March 5, 2014
This is the first in what will be a series of posts about my recent visit to Sutherland, a small town in South Africa’s Northern Cape province. In October 2013 my husband Jackie and I visited Sutherland for a long weekend. Sutherland is famous because it is home to the South African Astronomical Observatory (SAAO) research station, which has a number of telescopes that are used for astronomical and astrophysical research. The most famous telescope located at Sutherland is the Southern African Large Telescope (SALT), the largest optical telescope in the southern hemisphere. Jackie and I visited Sutherland as part of a Star Trek club (yes, Star Trek club– we’re proud Star Trek fans!) event. Along with our fellow Trekkie friends, we toured the SAAO facility. We went on a daytime tour and visited the museum and also some of the large telescopes. Some of us wore Star Trek uniforms/costumes on the tour, and I think (and hope) that we delighted some of the other visitors with our attire. We certainly ended up posing for quite a few pictures! In addition to the daytime tour, we also attended an evening stargazing session during which we peered through some smaller telescopes that have been set up for educational purposes– the big telescopes are reserved for proper scientific research at night.
In addition to touring the SAAO research station, Jackie and I also spent some time exploring the wonderful little town of Sutherland. In addition, we spent some time exploring some of the impressive geology that can be viewed along the approximately four hour drive to Sutherland from our home in Cape Town. To reach Sutherland from Cape Town, we drove over the Cape Fold Belt and saw some highly impressive folded and uplifted sedimentary rocks. After we trekked (see what I did there?) across the Cape Fold Belt, we reached the flat, empty roads of the Karoo desert region. During the last two hours of our drive, we only passed one other car. Geologically, the Karoo region is home to the Karoo Supergroup, a stratigraphic unit that covers two-thirds of South Africa and consists of a sequence of sedimentary rocks that are intruded, in many places, by igneous rocks, including some impressive dolerite dikes. The Karoo region is also covered in many places by the Dwyka tillite, which was deposited by widespread glaciation.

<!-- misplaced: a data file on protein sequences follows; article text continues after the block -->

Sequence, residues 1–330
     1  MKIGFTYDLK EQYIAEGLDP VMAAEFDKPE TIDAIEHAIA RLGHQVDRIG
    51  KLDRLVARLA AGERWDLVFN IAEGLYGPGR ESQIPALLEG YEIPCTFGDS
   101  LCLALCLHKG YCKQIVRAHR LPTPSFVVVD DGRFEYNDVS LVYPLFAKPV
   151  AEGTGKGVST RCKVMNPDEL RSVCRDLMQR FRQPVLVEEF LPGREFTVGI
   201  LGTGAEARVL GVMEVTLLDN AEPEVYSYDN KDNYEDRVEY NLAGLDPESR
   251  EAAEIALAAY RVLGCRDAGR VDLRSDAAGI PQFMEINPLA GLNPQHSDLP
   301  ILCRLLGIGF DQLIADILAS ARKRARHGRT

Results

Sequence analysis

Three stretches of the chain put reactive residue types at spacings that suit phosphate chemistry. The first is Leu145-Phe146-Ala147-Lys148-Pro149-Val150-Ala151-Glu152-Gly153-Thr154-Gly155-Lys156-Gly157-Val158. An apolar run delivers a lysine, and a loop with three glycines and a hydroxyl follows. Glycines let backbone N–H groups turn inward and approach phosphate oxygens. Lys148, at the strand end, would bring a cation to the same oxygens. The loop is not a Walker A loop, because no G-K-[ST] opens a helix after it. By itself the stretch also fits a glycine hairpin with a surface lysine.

In subsequent posts, I’ll discuss SAAO and SALT and some of the geology that we observed along the way to Sutherland. Today, I want to share a few pictures of the town of Sutherland. At first glance, Sutherland looks like many other small towns in the Karoo. There are small shops, cafes, a restaurant or two, guest houses, schools, and churches– and even the PEP store that is found in most South African towns, both large and small. My husband and I joke that the presence a PEP store, which sells inexpensive clothing and other items, marks the difference between a village and a town in South Africa.
However, after Jackie and I spent some time walking around Sutherland, we quickly realized that Sutherland is no ordinary small town in the Karoo. Rather, the town has a decidedly astronomical flavor. See for yourself:
My favorite example of the astronomical theme found in the town of Sutherland is a cleverly named cafe:
The name of the cafe is “Halley-sê-kom-eet”, which has a double meaning in Afrikaans. The cafe’s name obviously refers to the famous Halley’s Comet. In Afrikaans, “Halley’s Comet” is “Halley se komeet”. However, “Halley sê kom eet” means “Halley says come eat”. Adding a little hat above the one e and adding a space turns an astronomical reference into instructions to go eat some delicious Afrikaans food. The instructions worked– Jackie and I ate at the cafe a couple of times during our visit to Sutherland.
Well, that’s all I’ll share in this post. Stayed tuned for more about Sutherland!